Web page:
Arizona, Texas, Washington
The Accelerate ASU initiative team partners with high schools across the nation to create early and accelerated college pathways to increase the opportunities for social and economic mobility. Through the use of Universal Learner Courses (ULCs), this initiative empowers students while they receive vital support in a high school environment. ULCs are a risk-free way for high school learners to explore the college experience and earn college credit. ULCs are offered online at ASU and open to everyone, with the [ Read More… ]
The Arizona design team, is working to create and scale pathways with clear articulation to a 13th year associate's degree throughout the state. Using advanced manufacturing as a model industry, the design team is working to scale Westwood High School’s advanced manufacturing program to other sites throughout the state and apply the model to other high-wage, high-demand industries.
Building on a variety of current dual enrollment strategies across three participating communities (e.g., early college high school, credit by exam, dual enrollment at the high school, concurrent enrollment on college campus), the California design team is mapping a set of pathways that meet California’s A-G 4-year institution entrance policies, connect to community-specific industry fields, incorporate work-based learning for credit in a package that leads to the attainment of an associate degree by the end of students’ 13th [ Read More… ]
The Illinois design team is working to engage three leading Illinois school districts and their postsecondary partners to design and launch an accelerated version of the existing IT Model Programs of Study. The process will accelerate and deepen aspects of various pathway designs to further opportunities for high school students to earn up to 30 hours of early college credit that seamlessly stacks into college certificate, associate, and bachelor's degree programs. Through AMP-IT, the school district and postsecondary partners will then [ Read More… ]
The Indianapolis team is working to design a comprehensive pathway in Information Technology Operations / Cybersecurity that blurs the line between secondary and postsecondary. Students will earn an associate degree at the end of Year 13 will have expanded opportunities through existing delivery models such as the dual credit program, Associate Accelerated Program (ASAP), and/or Modern Apprenticeship (MAP).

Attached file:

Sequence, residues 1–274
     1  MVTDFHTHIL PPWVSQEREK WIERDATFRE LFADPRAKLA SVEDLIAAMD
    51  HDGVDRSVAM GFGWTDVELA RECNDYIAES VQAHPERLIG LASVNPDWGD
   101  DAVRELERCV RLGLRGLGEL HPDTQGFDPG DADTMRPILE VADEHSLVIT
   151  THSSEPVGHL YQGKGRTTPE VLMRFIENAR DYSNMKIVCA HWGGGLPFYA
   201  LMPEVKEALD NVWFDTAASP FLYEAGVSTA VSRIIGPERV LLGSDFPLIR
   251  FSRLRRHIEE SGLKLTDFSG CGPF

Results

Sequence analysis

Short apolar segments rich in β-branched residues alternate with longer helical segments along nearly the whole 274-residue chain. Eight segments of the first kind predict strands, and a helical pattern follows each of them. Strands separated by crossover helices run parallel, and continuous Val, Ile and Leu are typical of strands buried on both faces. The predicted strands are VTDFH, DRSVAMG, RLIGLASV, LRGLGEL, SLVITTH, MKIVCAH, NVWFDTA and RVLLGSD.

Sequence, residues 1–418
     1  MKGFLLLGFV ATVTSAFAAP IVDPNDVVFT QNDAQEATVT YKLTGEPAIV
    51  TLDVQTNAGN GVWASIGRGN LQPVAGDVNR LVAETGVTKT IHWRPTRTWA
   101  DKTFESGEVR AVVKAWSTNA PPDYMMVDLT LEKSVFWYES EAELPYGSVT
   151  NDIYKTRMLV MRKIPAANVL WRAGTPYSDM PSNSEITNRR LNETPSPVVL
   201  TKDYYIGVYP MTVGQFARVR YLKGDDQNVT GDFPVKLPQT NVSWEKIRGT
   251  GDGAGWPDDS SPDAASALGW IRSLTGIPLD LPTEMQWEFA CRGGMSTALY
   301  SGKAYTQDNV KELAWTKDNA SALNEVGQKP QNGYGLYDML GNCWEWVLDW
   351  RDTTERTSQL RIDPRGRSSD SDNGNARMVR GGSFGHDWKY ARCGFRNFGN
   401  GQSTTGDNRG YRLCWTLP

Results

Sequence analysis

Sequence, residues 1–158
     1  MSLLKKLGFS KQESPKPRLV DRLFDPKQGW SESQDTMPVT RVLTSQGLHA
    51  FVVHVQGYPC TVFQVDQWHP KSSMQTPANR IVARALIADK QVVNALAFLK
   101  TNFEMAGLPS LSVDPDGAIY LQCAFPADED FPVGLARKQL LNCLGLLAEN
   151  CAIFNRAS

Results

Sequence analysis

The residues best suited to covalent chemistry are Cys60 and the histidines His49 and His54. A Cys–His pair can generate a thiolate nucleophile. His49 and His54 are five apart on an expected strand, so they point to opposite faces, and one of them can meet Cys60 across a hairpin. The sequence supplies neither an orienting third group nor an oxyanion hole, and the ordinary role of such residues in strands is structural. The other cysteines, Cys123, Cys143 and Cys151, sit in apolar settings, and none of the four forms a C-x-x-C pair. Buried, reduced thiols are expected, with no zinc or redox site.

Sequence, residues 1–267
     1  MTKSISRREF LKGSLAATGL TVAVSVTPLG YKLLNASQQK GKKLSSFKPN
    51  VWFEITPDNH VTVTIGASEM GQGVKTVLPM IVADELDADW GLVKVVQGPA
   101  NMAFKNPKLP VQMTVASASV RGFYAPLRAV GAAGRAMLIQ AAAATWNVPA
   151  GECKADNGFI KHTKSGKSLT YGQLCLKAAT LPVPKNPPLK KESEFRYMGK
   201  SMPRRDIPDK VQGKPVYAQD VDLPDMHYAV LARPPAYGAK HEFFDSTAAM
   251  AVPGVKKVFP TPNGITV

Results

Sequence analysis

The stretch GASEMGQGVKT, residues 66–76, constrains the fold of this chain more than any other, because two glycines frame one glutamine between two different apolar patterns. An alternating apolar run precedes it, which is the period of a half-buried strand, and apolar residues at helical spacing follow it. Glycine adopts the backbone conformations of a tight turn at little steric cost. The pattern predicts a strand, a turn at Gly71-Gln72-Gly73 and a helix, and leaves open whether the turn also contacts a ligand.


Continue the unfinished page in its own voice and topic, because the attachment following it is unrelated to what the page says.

The Kentucky design team is working to serve as a rural education accelerator proof point, ultimately providing more than 12,200 rural students across 35 schools in 12 districts access to flexible, credit-bearing general education coursework. This will be achieved through strengthening existing local dual credit and enrollment partnerships, as well as leveraging online programs. All students in the EKYSSP will have the opportunity to obtain an associate degree and stackable workforce credential by the end of their 13th year in healthcare, cybersecurity, or [ Read More… ]
The New Orleans design team has supported three training providers (NOCC, Operation Spark, and Next Level NOLA) in expanding their pathways from 11th grade through postsecondary credentials (an associate degree or equivalent industry-based credential), using 13th year bridge programming that is closely aligned to the needs of regional employers.
The Massachusetts design team worked to deepen and expand the Early College Promise (ECP), or 13th year, pilot currently in place in seven communities in Massachusetts. The ECP’s purpose is to reduce college success equity gaps by extending the traditional Early College program by one year, allowing students underrepresented at college to attain an associate degree or 60 credits towards a four-year degree.
The New Mexico design team is working to build out the Four Corners College and Career Pathways Partnership, through which students in the rural Four Corners region can earn 12 – 30 hours of early college credit while in high school as part of a 13th year pathways program and seamlessly transition to a certificate as well as an aligned associate or bachelor's degree program or to a union apprenticeship or to employment.
New York City
The New York City design team is designing a strategy for NYC to build an infrastructure that enables equitable and effective early college programming for all students, including year 13 models. The team's work addresses institutional and regulatory barriers to the scaling and effectiveness of early college/career pathways programming.
The Ohio design team is working to scale existing, in-demand, integrated industry sector pathways using dual enrollment (College Credit Plus or CCP) so students earn 30 hours of postsecondary credit by 12th grade. This gives students an automatic acceptance into a 13th year to complete an associate degree and guaranteed acceptance to a four-year university to complete a bachelor's degree.
Building on its existing P-TECH model, the Texas design team is developing a blueprint for how all P-TECH high schools across the state can offer a sustainable and fully funded 13th year associate's degree, identifying key policy and funding conditions to enable greater scale within the region and statewide.
The Utah Design Team is working within a single pilot high school (East High School) to create intentional pathways designed for students to earn 30 college credits by senior year with an additional year resulting in an associate degree.